PORT ANGELES — The state Pollution Control Hearings Board has denied Clallam County’s request for a stay in the applicability of a Phase II stormwater permit for the Port Angeles Urban Growth Area.
The board’s order denying the motion to stay, which was filed Sept. 17, said the county’s appeal of the state Department of Ecology’s determination that the Port Angeles Urban Growth Area (PAUGA) requires a Phase II stormwater permit failed to show that a stay for the Western Washington Phase II Municipal Stormwater National Pollutant Discharge Elimination System General Permit was necessary as the litigation moves forward.
“The Board concludes that Clallam County has not made a prima facie showing of either a likelihood of success in challenging Ecology’s decision to require coverage, or irreparable harm anticipated from being subject to the Permit during the appeal period,” the board wrote.
Clallam County filed its appeal of the Ecology’s requirement of a Phase II stormwater permit July 30.
The county argues that Ecology is reversing its own 2012 decision that the area surrounding Port Angeles did not meet the criteria for being subject to a Phase II permit, despite the county telling Ecology that water-quality has not worsened — and in some respects had improved.
County officials have said that being subject to a Phase II permit would result in increased cost for development in the PAUGA and that Ecology has offered a one-time $95,000 grant to prepare for permit implementation.
The county would likely need to hire additional staff to fulfill the requirements of the permit.
“To me, the whole issue really highlights the challenges of having a one-size-fits-all solution. Ultimately what we’re talking about is water quality, and we want to make sure we’re not putting dirty and contaminated water into the Strait,” said Clallam County Commissioner Mark Ozias.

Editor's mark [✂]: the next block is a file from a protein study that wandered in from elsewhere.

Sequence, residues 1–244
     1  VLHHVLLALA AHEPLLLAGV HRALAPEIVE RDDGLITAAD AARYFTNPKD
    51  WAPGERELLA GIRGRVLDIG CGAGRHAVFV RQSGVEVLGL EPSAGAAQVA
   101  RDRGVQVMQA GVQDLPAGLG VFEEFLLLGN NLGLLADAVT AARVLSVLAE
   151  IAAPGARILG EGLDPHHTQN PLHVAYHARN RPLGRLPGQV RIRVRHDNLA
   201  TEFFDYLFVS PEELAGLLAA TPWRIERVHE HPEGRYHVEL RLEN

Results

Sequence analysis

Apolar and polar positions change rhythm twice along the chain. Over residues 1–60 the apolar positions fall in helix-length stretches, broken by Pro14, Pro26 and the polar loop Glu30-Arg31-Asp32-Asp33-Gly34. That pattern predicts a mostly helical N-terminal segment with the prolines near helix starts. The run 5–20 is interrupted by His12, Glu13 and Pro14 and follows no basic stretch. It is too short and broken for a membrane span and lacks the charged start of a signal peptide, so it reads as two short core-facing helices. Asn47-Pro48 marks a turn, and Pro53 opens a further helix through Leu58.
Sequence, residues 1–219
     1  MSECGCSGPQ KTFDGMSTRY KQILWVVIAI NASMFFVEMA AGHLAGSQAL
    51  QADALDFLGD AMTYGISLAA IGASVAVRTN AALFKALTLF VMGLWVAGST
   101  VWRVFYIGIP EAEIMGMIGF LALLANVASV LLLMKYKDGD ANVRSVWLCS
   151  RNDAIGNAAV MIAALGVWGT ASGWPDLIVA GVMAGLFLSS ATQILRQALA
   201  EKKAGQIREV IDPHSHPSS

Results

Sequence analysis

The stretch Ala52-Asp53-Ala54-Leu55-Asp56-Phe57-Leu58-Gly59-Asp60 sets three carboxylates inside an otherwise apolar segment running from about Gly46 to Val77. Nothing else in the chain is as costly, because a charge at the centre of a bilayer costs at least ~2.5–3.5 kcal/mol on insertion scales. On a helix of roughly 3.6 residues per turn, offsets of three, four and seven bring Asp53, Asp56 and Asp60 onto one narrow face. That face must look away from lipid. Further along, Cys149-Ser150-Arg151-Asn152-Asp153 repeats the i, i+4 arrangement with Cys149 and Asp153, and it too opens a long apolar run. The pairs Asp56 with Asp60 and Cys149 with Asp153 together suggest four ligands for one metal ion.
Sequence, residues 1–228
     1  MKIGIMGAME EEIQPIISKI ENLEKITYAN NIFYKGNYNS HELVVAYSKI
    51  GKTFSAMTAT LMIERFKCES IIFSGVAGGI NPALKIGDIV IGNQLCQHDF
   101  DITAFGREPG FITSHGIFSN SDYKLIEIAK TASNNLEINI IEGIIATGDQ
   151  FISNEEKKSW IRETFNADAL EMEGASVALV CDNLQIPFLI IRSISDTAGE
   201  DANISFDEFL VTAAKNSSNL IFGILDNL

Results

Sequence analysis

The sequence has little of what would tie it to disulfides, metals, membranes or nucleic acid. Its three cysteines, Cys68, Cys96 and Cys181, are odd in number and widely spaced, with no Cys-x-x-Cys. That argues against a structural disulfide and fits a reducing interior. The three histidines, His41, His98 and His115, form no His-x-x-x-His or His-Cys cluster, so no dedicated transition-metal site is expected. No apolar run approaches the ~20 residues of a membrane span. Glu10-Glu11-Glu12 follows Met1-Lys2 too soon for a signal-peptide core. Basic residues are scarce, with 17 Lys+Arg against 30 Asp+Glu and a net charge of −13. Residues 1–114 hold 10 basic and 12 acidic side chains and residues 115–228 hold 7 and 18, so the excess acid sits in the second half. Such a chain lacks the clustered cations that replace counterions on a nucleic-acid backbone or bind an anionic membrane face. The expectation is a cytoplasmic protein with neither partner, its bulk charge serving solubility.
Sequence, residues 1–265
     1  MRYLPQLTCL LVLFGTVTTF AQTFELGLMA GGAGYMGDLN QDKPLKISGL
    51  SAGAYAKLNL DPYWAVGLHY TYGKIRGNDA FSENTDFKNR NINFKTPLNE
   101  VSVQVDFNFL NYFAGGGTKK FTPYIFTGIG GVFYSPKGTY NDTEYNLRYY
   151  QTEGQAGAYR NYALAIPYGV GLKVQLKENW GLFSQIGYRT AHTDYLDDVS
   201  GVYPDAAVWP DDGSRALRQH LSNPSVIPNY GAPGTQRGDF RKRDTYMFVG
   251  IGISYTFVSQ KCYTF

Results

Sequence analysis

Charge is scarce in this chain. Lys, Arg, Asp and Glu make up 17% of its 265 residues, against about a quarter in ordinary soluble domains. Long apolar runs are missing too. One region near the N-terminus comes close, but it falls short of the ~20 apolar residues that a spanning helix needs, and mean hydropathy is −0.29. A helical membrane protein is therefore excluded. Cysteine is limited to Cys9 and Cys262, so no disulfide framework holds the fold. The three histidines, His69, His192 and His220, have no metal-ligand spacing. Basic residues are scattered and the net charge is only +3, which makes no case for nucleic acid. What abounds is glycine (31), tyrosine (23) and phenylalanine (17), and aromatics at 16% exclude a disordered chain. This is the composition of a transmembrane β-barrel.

“We’ve got pretty good data to show the county is not doing that.”
Ozias said he was not surprised that the board rejected the stay, but said he still believes Clallam County has a strong case.
Director of the Department of Community Development Mary Ellen Winborn said the board used “strong” language in its order denying the stay.
“It is the Pollution Control Hearings Board; I don’t think they have much sympathy for us,” Winborn said. “We have a lot of good merits. There’s a lot of reasons they should reconsider the permit, but we’ll see if they can be objective.”
Clallam County has provided scientific evidence that water quality has generally improved in streams within the UGA, with the exception of Lees Creek, according to the notice of appeal.
The county said in its appeal that Ecology reversed its 2012 decision in part because of the “factually unsupported conclusion that more than 1,000 persons reside” in the UGA.
In 2012, Ecology determined that the Port Angeles UGA did not meet the criteria for permit coverage, but listed several recommendations.
It asked the county to implement a draft comprehensive stormwater management plan, which included a clearing and grading ordinance, new code to prohibit illicit discharges to stormwater conveyance system and updated requirements for drainage design and review.
In August 2018, Ecology informed the county that it would be listed as a new permitee that would be issued July 2019.
“Unfortunately, the county has not finalized its DRAFT Comprehensive Stormwater Management Plan nor has it adopted drainage requirements for small projects, a clearing and grading ordinance or code prohibiting illicit discharges,” Ecology wrote in its Aug. 1, 2018, letter.
Reporter Jesse Major can be reached at 360-452-2345, ext. 56250, or at [email protected] dailynews.com.